Annual or semi-annual employee reviews can be helpful in documenting worker issues to justify actions you might take, and in protecting yourself against potential lawsuits by disgruntled workers. They also can help your workforce identify ways to improve its productivity and professionalism.
But if you go about the review process the wrong way, you may turn what you view as a shield against employment suits into a sword for terminated, transferred or demoted workers. That’s because they can use employee reviews as evidence to show you treated them differently from another worker with similar qualifications and that you did so based on their race, religion, ethnicity, gender, disability or other membership in what’s known as a protected class.
This is why it’s important to have an employment lawyer audit your review process and help you create a review policy to ensure that all reviews back up your assessments with meaningful performance metrics.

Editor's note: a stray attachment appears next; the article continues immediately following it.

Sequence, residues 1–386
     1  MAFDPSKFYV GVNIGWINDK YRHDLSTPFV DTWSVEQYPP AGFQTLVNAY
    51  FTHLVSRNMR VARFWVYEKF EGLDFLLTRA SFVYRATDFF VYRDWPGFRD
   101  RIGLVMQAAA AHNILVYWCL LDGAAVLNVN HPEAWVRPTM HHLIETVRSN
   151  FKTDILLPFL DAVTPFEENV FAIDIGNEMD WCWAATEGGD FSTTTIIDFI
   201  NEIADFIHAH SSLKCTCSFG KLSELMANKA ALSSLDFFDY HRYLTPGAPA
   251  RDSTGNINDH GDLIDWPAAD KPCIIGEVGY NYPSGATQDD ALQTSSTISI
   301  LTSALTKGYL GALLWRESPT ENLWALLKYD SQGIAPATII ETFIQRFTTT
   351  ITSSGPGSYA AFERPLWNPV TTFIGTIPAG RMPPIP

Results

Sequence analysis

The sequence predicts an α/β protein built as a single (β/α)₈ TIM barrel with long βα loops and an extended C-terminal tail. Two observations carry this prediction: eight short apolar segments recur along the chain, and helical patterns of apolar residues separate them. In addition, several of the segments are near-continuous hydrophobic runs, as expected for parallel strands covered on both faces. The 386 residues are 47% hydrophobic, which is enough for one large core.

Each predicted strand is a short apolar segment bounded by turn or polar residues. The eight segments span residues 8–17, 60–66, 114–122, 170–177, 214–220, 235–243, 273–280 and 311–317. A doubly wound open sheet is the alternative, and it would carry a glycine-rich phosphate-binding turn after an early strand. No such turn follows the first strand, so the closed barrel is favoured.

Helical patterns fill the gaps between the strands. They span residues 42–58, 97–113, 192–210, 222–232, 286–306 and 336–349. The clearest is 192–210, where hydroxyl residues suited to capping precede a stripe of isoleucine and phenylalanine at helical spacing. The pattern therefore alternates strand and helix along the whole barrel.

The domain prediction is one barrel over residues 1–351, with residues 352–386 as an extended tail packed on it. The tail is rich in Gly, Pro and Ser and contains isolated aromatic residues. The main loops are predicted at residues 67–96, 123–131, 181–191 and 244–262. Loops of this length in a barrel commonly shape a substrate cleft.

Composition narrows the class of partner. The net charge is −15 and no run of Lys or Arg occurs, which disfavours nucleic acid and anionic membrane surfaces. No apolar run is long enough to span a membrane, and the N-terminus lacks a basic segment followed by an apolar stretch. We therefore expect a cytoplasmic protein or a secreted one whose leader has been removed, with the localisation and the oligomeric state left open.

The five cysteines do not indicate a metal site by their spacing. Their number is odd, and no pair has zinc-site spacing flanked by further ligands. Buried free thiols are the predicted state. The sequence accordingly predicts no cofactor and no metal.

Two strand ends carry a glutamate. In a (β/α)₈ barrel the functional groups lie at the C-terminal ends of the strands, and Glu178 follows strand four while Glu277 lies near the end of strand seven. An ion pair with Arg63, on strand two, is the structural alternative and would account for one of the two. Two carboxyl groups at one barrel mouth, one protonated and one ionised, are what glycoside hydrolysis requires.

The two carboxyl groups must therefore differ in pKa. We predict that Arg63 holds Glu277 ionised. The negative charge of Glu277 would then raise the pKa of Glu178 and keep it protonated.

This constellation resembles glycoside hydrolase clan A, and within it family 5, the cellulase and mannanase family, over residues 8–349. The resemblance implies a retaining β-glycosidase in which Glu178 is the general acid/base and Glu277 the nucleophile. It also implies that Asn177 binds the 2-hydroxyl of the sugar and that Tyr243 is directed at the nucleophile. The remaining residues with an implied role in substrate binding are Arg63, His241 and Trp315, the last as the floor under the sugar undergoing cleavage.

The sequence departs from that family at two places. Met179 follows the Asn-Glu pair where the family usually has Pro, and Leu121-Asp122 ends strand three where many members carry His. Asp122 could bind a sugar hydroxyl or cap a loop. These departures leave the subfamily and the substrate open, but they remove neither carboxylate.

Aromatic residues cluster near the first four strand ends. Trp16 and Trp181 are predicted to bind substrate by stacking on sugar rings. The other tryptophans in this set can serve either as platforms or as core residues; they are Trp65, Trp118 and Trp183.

For example, you want to make sure a review shows not only how many projects an employee completed, but whether they met or exceeded expectations or whether they fell short and why. It’s best to have criteria that are as objective as possible. That way, if an employee is justifiably passed over for a promotion in favor of someone else and claims you discriminated against him based on his membership in a protected class, you have evidence to help counter the allegations. If, however, your documentation is vague and subjective, it provides fuel for the employee.
Additionally, you want to make sure your reviews are consistent. For instance, do employees with similar responsibilities have different supervisors? Make sure your managers are provided specific, objective evaluation criteria and are trained on how to use them, and that you’re documenting such training. That way, the reviews provide a meaningful comparison not only for helping you make personnel decisions but to demonstrate to a court that you’re treating employees fairly.
Finally, it goes without saying that all reviews should be written, dated, signed and kept on file. Talk to an employment lawyer where you live to find out more.